South Korea is highly revered as the leader in the gaming industry, not only for pioneering esports but also for dominating the world of professional gaming. The country’s gaming reputation is quite impressive, it earned the Republic of Korea (ROK) the right to be called the Hollywood of elite professional gamers.
Competitive gaming is deeply embedded in the country’s mass-culture, as evidenced by the growth of Internet cafes. Here, PCs are specially built and designed for Korean gamers looking to level up and become top rankers in global online gaming competitions. Actually, the Internet cafes are more popularly known as “PC Bangs,” where players pay for every hour spent playing on individual PCs tailored for massive multiplayer online gaming.
Korea’s “PC Bangs” had in fact served as the breeding ground of the country’s first wave of celebrity professional gamers. Korea’s esports, on the other hand, went on to develop a fully organized structure, in which an ecosystem comprising content creators, contest organizers, tournament prize sponsors, brand advertising partners and streaming platforms all work together to ensure the success of esports tournaments.
The popularity of Korea’s esports competitions has in fact, transformed the market into a billion dollar industry. It is expected to grow further, being the only sport that was able to thrive amidst the global lockdowns wrought by the COVID-19 pandemic.
One of the factors that helped gaming in South Korea become a multibillion dollar industry is the support given by the ROK government. In the earlier days, the popularity of PC Bangs gave rise to concerns over gaming addiction, which had prompted the government to enact a law known as the “Shutdown Law” in 2011. The legislation is also known as the “Cinderella Law” as it strictly prohibited children under 16 years of age to play online video games from 12:00 midnight up to 6:00 AM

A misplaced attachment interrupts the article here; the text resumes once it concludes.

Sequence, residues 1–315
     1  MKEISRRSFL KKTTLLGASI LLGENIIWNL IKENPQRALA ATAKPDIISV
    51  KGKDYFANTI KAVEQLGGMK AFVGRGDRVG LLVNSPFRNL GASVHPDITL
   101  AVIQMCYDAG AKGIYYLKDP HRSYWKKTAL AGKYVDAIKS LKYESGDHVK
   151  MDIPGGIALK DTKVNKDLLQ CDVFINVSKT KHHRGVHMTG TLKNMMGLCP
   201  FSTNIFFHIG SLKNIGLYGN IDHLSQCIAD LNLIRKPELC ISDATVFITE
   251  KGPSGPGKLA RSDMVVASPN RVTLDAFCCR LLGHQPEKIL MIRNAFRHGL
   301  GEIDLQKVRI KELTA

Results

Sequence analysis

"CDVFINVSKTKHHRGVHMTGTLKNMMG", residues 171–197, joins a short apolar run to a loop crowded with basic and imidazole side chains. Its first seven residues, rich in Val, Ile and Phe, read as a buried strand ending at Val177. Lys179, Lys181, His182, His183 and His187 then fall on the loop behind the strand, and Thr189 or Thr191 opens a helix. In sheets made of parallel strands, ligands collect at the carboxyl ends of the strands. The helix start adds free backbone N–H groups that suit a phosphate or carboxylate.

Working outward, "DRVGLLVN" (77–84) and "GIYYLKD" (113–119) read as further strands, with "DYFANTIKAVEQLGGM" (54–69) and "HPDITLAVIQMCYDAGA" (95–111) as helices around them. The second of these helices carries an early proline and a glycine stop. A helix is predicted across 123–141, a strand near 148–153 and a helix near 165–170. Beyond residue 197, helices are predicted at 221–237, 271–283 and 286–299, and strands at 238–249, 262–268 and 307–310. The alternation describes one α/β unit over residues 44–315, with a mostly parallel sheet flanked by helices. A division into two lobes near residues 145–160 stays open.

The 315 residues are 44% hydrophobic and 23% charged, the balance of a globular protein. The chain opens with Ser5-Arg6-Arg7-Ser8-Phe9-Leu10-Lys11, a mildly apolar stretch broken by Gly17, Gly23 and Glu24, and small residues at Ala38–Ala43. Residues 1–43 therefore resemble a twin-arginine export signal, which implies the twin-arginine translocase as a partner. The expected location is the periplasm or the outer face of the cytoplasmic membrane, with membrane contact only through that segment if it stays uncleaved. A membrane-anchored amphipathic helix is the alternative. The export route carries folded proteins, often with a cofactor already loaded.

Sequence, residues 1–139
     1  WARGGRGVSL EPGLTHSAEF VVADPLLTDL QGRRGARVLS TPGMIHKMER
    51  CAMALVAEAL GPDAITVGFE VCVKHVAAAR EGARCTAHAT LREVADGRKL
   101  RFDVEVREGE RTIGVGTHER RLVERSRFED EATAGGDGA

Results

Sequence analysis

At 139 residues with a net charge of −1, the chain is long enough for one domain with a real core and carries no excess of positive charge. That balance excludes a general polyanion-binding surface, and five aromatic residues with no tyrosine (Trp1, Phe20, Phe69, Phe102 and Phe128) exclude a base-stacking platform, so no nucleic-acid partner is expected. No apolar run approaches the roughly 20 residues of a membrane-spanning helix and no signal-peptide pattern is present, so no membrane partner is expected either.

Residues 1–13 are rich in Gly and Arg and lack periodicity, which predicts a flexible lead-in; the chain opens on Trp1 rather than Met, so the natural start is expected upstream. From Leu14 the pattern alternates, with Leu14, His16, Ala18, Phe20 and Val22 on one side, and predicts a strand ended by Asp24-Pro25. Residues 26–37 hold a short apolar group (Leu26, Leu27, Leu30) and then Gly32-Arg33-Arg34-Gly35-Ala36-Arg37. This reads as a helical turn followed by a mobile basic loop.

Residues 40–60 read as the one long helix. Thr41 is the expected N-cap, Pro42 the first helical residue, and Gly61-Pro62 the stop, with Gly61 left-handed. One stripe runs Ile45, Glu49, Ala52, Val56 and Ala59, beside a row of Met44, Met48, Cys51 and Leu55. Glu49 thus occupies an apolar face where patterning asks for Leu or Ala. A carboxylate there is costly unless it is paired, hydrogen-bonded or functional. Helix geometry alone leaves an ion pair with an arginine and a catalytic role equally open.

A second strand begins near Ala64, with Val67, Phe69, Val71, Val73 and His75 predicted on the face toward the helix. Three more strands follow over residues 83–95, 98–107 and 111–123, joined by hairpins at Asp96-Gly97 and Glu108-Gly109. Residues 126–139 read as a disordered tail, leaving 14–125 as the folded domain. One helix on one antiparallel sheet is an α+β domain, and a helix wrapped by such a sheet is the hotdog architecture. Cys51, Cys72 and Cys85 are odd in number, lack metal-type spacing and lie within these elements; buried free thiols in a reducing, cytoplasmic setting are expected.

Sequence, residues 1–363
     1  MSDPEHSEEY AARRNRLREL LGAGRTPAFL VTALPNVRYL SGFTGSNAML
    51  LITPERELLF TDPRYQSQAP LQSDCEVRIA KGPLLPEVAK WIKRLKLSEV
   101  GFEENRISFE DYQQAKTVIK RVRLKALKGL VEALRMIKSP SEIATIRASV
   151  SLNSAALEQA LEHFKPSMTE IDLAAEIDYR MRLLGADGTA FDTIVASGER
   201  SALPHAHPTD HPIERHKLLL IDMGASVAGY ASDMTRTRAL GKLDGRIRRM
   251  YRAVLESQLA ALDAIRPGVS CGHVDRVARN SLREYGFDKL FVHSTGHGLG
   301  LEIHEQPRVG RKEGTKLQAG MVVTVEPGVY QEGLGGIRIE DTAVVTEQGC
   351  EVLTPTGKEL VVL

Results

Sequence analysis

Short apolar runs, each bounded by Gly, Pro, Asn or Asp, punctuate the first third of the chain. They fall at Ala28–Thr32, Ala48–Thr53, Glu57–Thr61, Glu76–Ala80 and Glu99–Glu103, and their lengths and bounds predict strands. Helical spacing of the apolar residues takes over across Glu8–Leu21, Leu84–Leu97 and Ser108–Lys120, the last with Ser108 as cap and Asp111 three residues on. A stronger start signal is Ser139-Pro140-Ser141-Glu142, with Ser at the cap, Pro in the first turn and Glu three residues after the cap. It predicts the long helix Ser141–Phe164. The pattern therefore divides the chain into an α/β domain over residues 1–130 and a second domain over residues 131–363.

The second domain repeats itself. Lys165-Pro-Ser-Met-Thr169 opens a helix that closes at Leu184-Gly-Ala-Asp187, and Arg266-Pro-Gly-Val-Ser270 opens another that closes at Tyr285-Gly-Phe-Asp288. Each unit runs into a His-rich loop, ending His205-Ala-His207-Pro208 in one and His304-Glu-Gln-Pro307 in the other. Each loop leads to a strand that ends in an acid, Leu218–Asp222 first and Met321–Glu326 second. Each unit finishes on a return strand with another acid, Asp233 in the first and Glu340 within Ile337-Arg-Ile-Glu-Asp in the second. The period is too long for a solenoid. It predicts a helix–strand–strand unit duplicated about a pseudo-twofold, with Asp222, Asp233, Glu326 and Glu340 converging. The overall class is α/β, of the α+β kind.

However, the government has made important changes, including giving parents the right to request for a lifting of the ban on behalf of their below 16-year old children. Actually the gaming sector is not the only industry toward which the South Korean government has demonstrated flexibility; all in the name of promoting the welfare of the people in line with the changing times.
ROK’s Government Addresses Population Growth Problem
In traditional Korean culture, sex is taboo. It meant that anything related to reproductive organs and acts of reproduction should not be discussed, be used as a theme or be a part of a legal trade. However, as Korea’s modern society came to produce generations that showed more enthusiasm in building careers over building a family, the country has been experiencing slow population growth.
This is now foreseen as a problem because if the birth rate remains low, the Republic will eventually rely on a population of aging people as its workforce.
That is why part of the reforms introduced by the Korean government in 2017 included deregulation in the trade and importation of adult products. Perhaps seen as a way to remove sexual inhibitions and promote fertility, adult toys are now traded openly, both at physical stores and online markets.
Adult supply stores have likewise flourished and transformed into becoming respectable-looking shops, where buying adult supplies such as lubricants, gels, adult bedroom toys and woomenizers (우머나이저 ) or vibrators, is no longer a cause for embarrassment or shame.